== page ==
Wednesday, September 25, 2013
Gorge Owned (GO!)’s Sense of Place series kicks off Sunday with a lecture and float on the White Salmon River.
GO!, Wet Planet Rafting and Kayaking and watershed planner Jeanette Burkhardt invite the public to a guided float down the lower White Salmon River on Sept. 29. The float aims to educate participants about the events leading up to the breaching of the Condit Dam and the transformation that’s been occurring there ever since.
When the Condit Dam was breached in October 2011, a century’s worth of pent-up fury, silt, gravel, organic matter and water-drunk logs were unleashed through the drain hole, likened by one Yakama tribal member as the “freeing of wild horses.” Since then, salmon and steelhead have returned to the river, signaling the start of a new phase for the White Salmon basin — one in which the human inhabitants are playing a key role.
During the guided Sense of Place rafting trip, Burkhardt will explain some of the challenges — including climate change and increasing development — facing the basin. Burkhardt, a watershed planner for the Yakama Nation Fisheries program, has been involved in salmon recovery planning, land use planning, education and restoration projects in the White Salmon Basin since 2005.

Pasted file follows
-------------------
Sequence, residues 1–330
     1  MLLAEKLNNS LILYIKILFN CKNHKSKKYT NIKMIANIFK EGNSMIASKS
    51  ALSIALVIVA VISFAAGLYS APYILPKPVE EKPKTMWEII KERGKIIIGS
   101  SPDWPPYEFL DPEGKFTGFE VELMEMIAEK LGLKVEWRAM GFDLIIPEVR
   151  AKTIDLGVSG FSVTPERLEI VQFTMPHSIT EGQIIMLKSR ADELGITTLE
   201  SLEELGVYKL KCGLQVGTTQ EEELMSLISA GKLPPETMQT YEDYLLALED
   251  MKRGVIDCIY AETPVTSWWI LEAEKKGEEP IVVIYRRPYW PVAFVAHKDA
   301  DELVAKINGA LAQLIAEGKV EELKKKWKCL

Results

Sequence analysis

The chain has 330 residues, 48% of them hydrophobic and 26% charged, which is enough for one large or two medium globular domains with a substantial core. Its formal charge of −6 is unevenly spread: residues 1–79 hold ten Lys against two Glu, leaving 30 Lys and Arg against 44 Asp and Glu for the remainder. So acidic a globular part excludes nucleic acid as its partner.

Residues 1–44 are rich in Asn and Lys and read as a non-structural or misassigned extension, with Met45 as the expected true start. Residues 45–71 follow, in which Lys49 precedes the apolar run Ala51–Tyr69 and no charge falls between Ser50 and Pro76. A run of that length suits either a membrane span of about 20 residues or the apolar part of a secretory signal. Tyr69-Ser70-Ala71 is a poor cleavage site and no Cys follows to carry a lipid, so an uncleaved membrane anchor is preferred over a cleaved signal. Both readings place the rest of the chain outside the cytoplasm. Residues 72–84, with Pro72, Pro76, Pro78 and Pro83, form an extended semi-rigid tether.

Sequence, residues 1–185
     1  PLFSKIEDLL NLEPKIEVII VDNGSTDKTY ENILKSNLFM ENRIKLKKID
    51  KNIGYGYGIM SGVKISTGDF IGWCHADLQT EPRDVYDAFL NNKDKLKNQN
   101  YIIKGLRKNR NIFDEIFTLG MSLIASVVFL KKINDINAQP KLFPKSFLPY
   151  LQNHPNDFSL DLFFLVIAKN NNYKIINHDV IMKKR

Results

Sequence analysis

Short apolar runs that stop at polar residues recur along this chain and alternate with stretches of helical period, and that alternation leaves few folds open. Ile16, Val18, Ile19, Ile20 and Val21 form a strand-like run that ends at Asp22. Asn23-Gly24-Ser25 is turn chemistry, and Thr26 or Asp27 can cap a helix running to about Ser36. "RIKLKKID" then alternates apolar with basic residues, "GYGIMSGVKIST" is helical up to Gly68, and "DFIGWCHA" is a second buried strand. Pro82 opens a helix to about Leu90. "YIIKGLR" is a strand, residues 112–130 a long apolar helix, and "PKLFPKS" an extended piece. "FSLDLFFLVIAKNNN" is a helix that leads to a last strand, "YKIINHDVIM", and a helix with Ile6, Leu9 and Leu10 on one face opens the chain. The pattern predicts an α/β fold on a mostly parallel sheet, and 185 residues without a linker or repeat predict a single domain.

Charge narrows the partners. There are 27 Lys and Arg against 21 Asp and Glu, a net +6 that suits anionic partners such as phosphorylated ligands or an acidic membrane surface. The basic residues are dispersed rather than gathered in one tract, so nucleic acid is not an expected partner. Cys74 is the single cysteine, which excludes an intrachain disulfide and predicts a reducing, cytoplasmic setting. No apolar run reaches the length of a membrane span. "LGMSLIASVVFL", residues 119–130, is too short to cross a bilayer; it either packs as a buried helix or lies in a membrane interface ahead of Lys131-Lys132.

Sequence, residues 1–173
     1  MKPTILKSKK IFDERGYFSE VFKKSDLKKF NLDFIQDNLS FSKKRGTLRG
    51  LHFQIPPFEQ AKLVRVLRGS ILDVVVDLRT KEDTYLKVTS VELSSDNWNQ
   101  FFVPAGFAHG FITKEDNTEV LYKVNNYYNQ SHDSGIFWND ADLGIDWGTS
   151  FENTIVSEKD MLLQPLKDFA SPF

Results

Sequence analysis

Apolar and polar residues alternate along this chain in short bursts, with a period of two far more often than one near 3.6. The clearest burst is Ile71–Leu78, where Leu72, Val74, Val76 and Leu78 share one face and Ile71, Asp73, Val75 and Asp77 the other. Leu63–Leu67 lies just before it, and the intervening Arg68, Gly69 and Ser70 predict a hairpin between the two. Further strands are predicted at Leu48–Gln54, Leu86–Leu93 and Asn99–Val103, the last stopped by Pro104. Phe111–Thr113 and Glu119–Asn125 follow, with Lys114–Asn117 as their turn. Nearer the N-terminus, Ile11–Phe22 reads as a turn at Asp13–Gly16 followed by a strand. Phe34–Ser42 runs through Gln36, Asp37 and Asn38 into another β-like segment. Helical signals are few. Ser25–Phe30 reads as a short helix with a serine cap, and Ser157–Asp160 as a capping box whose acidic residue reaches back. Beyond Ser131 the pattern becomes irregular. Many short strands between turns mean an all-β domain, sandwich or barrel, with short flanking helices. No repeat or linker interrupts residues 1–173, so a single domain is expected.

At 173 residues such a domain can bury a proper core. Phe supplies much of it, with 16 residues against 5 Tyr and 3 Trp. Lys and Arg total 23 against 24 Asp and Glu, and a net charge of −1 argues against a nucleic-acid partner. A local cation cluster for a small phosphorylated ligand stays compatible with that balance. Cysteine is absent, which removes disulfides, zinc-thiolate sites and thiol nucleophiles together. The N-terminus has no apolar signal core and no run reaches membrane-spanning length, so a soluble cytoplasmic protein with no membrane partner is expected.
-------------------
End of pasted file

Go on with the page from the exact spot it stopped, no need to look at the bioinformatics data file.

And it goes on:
The Sense of Place rafting trip begins and ends at Wet Planet Rafting and Kayaking, 860 Highway 141 in Husum, Wash. The five-hour trip begins at noon and the cost is $40. Space is limited. To register, go to GorgeOwned.org. Wet Planet Whitewater Center will donate 50 percent of its proceeds to GO!
More like this story
- Letters to the Editor for April 29
- Library District wins award for Odell Library Express project
- OSU spring plant sale canceled
- HRVHS music students win spots at state championships in May
- Summer youth employment at Next Door
- Patterson takes second at Oregon Speech event
- Delta Kappa marks 50 years, holds Spring Fling Bingo May 13
- Steelhead Robotics returns from World event
- Local students named to OSU honor roll
- Destination Imagination team prepares for Global Finals
I Can't Keep Quiet singers at "Citizen Town Hall"
‘I can’t keep quiet,’ sing members of an impromptu choir in front of Hood River Middle School Saturday prior to the citizen town hall for questions to Rep. Greg Walden. The song addresses female empowerment generally and sexual violence implicitly, and gained prominence during the International Women’s Day events in January. The singers braved a sudden squall to finish their song and about 220 people gathered in HRMS auditorium, which will be the scene of the April 12 town hall with Rep. Greg Walden, at 3 p.m. Enlarge